Hello! First post back after the sugar challenge. I am so extremely thrilled how the challenge went for myself and for everyone involved! I have received such amazing feedback… It really shows that just a little bit of effort can make a huge difference.
Now on to Nettles! I’m excited about this post for a few different reasons. It’s the first one in my Eat This Series, although I would probably include my post about coconut oil and ghee in the Eat This category. The purpose of the Eat This postings is to show you simple and powerful foods to add into your diet for maximum nutritional benefit. The biggest bang for your buck so to speak. I’m also excited because nettles are an example of a seasonal super food. We have all become accustomed to eating foods whenever we feel like it, but when we really start tapping into what foods are available seasonally, we are increasing our awareness of nutrient density as well as tapping into the harmony of the harvest. It’s a beautiful, delicious, and healthy way to eat and live. Nettles have only recently become available in the last couple of weeks and the season usually goes through the end of April. Nettles are actually a weed, and are found all over the United States. They are also called stinging nettles, because they have stiff, bristly hairs that are found on the leaves and stems which inject a stinging fluid into the skin. An interesting note is that the sting can be used therapeutically as a treatment for increasing circulation and arthritic conditions. However, the sting isn’t pleasant, so if you find a patch to harvest, handle with care! Heat and drying destroys the sting.
- In Traditional Chinese Medicine, they are considered a blood tonic and support the bladder, kidney, spleen and liver.
- Helpful for allergies and hay fever
- Good for hypoglycemia because they help reduce blood sugar levels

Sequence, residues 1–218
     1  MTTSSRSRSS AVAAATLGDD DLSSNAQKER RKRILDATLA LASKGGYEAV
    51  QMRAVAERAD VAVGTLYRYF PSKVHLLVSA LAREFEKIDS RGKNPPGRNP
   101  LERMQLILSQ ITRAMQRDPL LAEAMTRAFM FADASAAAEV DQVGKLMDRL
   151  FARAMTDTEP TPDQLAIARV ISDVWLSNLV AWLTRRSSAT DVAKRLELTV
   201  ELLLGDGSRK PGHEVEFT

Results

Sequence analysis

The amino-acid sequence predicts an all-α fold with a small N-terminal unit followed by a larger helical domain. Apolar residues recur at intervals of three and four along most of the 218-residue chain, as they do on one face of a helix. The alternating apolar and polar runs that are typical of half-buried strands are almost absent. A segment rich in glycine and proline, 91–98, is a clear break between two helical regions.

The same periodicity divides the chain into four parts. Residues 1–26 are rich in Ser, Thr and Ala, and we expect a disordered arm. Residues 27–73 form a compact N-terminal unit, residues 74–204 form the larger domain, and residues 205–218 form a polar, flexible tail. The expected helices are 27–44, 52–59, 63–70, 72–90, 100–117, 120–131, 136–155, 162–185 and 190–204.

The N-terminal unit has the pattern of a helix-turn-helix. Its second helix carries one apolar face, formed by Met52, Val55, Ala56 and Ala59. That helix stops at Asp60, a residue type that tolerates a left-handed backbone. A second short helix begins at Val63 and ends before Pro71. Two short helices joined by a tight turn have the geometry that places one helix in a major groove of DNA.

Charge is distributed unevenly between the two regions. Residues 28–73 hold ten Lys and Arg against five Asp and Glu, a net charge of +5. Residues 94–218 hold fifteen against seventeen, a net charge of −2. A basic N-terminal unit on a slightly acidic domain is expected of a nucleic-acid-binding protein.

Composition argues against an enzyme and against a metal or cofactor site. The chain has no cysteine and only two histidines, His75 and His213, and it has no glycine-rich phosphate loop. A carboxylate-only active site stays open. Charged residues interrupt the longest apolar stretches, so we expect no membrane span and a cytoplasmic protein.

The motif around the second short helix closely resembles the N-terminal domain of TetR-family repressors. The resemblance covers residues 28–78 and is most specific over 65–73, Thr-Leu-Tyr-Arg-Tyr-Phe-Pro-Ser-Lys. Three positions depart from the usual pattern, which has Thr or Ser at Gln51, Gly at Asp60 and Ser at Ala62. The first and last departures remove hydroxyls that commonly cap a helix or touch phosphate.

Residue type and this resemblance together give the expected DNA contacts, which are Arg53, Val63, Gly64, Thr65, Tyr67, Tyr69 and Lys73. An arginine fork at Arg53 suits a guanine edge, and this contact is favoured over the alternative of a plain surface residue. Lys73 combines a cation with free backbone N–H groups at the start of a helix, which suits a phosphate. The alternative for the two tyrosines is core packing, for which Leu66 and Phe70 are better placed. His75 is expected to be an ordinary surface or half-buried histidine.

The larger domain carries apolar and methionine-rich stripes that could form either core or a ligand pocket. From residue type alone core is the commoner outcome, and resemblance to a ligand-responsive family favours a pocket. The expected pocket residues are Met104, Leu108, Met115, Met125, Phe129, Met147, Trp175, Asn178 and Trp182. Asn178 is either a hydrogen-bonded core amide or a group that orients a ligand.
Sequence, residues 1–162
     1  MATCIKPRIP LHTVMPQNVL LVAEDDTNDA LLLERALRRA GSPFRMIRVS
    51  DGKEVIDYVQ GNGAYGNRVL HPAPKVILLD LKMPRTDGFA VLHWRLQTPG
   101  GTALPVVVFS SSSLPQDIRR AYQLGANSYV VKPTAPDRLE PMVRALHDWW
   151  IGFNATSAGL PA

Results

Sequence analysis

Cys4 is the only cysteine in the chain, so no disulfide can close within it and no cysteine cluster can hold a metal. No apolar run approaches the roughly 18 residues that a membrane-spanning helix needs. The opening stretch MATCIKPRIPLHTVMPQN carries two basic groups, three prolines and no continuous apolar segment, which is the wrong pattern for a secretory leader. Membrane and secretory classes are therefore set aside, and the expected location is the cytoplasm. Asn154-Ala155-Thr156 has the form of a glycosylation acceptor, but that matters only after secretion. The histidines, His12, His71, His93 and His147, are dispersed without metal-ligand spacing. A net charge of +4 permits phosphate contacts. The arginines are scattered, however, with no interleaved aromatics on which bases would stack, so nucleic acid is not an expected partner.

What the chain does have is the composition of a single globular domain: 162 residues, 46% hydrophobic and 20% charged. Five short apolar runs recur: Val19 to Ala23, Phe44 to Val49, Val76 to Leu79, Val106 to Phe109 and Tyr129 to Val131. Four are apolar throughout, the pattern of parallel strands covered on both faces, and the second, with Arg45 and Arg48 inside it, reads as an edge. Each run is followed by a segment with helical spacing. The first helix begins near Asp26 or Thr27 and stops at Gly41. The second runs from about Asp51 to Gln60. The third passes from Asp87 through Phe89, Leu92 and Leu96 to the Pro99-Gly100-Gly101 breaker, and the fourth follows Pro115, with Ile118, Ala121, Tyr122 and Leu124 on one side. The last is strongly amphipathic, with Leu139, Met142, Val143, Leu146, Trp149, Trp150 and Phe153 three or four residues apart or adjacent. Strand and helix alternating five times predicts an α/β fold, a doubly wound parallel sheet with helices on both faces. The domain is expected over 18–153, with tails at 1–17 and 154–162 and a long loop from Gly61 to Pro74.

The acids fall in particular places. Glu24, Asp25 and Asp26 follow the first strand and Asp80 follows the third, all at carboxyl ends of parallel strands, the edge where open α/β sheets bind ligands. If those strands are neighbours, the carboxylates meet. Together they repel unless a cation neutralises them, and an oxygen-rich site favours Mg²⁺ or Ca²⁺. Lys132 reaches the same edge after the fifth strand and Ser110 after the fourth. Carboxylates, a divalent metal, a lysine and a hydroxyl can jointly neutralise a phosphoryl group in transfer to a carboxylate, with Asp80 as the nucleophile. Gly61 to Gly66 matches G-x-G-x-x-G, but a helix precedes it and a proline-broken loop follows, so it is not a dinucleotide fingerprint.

- Helpful for high blood pressure
- Lowers inflammation
- Nutrient Dense
Nettles are extremely high in vitamins and minerals, including vitamin C, Vitamin K, Carotenes and Iron. The other day, I let the fresh nettles steep all day, and the tea turned into this amazing dark green potion! It was so thick and felt heavy and rich in my mouth. I was just simply amazed by the color! It’s SO green…. The chlorophyll just pours out of it! Chlorophyll is an excellent source of magnesium, and for maximum absorption, drink the tea while eating a bit of fat. My fellow nutrition friend Corinne Steel uses a bit of flax seed oil that she pours into her carrot juice to better absorb the carotenes. Same idea with chlorophyll; it has both fat and water soluble components. Fresh nettles can be sautéed like spinach, and are delicious! Don’t forget to add some butter for better absorption!
You can buy nettles dried as tea, and I often brew these overnight to get all the goodness out of them. Nettle and mint are a good combination. Although dried nettles are great to use, definitely take advantage of using fresh nettles if you can find them at the Farmers Market. If you are in the Bay Area, Happy Boy Farms is already selling them. Check out the market schedule here.
Have fun exploring with the amazing super food! Eat them. Send us some comments if you gave them a try…. Enjoy!
McGee, Harold (2004) On Food and Cooking: the Science and Lore of the Kitchen. New York; Scribner.
Wood, Rebecca. (2010) The New Whole Foods Encyclopedia. New York. Penguin Books.